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Magazine Web Edition > April 1996 > Four-Hour Vivekananda Film Is a Fleet-Footed Turkey

Four-Hour Vivekananda Film Is a Fleet-Footed Turkey

Choodie Shivaram, Bangalore



After "Adi Shankara," "Madhvacharya," "Ramanuja" and "Bhagavad Gita," 83-year-old G.V. Iyer, veteran of "Indian spiritual cinema" and one of India's finest film makers, was finally ready with his latest film, "Swami Vivekananda." Iyer studied the colossus for 11 years before writing both screenplay and song lyrics. Two years in production, "Vivekananda" is a big-banner movie, unlike his previous films.

In February I was invited to a preview of the film. For the last year and a half I had, at the request of Hinduism Today, followed the production of what promised to be a very significant movie and was eagerly awaiting the results. The private audience was mostly journalists and eminent personae from cinema and theater, all with high expectations. The film began well and proceeded at a brisk pace covering most parts of Naren's childhood with the titles and credits, set to a tuneful song. The first half of the four-hour film was gripping, especially with Mithun's superlative portrayal of Ramakrisha. The one-time heart throb, disco dancer and martial arts fighter in the role of Ramakrishna held the audience spell bound.

But after two hours Iyer couldn't sustain the pace, and midway the movie turned south, turning the evening sour. What really irks the viewer is the commercial treatment where most of the songs are out of context and irrelevant. As the reels rolled by a sense of disappointment set in. The octagenarian's painstaking efforts to bring to the cinemascopic canvas the life and times of one of India's most illustratrious sons--an effort we all applauded--falters and fails. The film runs though like a school textbook without the trademark insightful Iyer interpretations. Salil Chowdary's music is tunefully sung by Jesudas and S.P. Balasubramaniam. This was Salil's last film; he died halfway through. Madhu Ambat's photography is at its best when the camera takes you on a sojourn through the snowclad Himalayas. Vivekananda's Bengali composition soulfully rendered elevates you to Mount Kailash.

For the rest of the film none of the actors and actresses impress. Hema Malini remains as Hema and not as Goddess Kali. So also Tanuja as Vivekananda's mother and Meenakshi Seshadri as his prospective bride. Sarvadhaman Banerjee, who was an electrifying presence in "Adi Shankara," is a shadow of his former self; he remains wooden; forgetting the fiery monk he portrays.

The scenes of Vivekananda carrying the message of Ramakrishna run past without making an impact of what Swami Vivekananda really intended to convey. Iyer's Vivekananda is weak and unstable, and we don't see a confident monk emerging from him.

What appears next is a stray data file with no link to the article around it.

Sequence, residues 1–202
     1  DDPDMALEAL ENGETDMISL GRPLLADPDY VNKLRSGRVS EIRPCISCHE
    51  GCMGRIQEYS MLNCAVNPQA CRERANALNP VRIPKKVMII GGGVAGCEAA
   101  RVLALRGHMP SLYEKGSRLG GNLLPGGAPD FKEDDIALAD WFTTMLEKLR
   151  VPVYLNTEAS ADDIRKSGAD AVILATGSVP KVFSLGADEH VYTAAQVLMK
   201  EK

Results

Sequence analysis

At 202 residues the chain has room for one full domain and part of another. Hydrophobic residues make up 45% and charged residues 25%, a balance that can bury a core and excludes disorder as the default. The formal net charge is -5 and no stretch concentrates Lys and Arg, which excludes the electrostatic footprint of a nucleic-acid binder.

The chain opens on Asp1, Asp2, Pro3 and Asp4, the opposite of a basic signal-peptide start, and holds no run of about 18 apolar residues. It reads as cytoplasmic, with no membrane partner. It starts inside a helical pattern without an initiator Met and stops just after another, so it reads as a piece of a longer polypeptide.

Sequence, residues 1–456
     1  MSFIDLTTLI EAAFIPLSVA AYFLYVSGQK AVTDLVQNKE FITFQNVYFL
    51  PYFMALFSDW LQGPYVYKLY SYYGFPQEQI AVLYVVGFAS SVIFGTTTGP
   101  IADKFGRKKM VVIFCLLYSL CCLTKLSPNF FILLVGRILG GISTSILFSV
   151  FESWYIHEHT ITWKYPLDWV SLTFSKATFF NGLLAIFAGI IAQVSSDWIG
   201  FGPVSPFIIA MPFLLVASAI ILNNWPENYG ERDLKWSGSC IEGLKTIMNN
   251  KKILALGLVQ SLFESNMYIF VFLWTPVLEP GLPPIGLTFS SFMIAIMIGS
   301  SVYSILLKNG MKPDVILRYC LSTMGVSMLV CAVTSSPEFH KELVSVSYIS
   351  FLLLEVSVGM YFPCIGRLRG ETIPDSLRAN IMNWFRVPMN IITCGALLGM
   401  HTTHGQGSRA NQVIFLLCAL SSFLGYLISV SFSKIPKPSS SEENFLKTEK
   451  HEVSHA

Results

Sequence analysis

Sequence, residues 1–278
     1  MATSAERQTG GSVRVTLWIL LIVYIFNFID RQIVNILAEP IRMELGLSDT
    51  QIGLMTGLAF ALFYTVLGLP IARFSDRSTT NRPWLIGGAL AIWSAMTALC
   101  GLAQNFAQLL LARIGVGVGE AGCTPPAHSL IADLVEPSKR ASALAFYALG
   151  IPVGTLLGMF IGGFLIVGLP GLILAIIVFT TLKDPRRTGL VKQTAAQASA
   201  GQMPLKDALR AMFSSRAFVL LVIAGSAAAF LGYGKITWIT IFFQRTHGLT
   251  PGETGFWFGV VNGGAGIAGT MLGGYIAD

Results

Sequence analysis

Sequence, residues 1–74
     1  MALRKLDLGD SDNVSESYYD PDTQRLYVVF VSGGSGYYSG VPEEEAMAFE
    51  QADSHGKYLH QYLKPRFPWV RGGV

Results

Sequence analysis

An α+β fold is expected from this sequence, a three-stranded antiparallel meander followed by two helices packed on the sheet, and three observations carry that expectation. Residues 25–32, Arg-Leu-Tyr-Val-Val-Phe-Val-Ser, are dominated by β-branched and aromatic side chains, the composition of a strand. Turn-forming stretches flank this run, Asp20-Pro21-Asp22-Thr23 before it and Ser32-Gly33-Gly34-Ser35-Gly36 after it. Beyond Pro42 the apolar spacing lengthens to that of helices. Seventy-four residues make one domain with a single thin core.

One cannot understand how Jayadeva's Asthapadi fits into a spiritual film like this, though credit must be given to actress Shobana for her brilliant classical dance. The most ill-conceived song and dance sequence in the film is that of Meenakshi Seshadri as one who tries to lure Vivekananda into wedlock. It does not relate to the life of Vivekananda, and defeats Hindu moral values. The Bengalis had protested against the inclusion of such impropriety even during shooting. The song is meant to be a test for Vivekananda, as Iyer says, "I want to show that there can exist a man without any sexual inclinations."

Swami Harshanandaji, head of the Ramakrishna Math in Bangalore, also attended the pre-release viewing. He expressed disappointment with a number of issues, including this dance sequence. "Swamiji will be writing a detailed letter to Iyer," state sources from the RK Mission. Knowing Iyer, he is not likely to make any changes in the film, say film critics. He will most likely leave the scenes as they are, holding that it is a movie and not a history book.

I was hardly alone in my disappointment. "This film is going to be a commercial flop despite having big names on its titles. I would call it 'Vivekananda, a Paramahimsa'--'Ultimate Agony.' The film neither entertains nor enlightens, confided M.N. Chakravorthy, a senior journalist for the Indian Express. His printed review described Sarvadaman Bannerjee's Vivekananda as "wooden throughout, his anquish and search for truth do not become part of the audience's yearning for the same." The Times of Indialamented the film's "lanquid pace and lack of tautness in the script and editing, putting the viewer off rather than engrossing him in the drama that unfolds. The fluidity, finesse and exquisitness of Iyer's "Adi Sankara" are missing."

The film ends with the departure of Vivekananda to Chicago with a clear hint that there is more to come as Vivekananda Part II. The decision to split the film into two parts was due to Iyer's inability to shoot in the USA depicting the monk's thumping speech at the Chicago Parliament of the World's Religions. Some crew members, including Sarvadhaman Banerjee and Iyer's daughter, were refused visas by the American Consulate.

The Making of the Movie

"Why Vivekananda?" Iyer has been asked frequently. "I decided on Vivekananda because he can inspire, enthuse and stimulate the present generation. Our prosperity lies in them," he replies.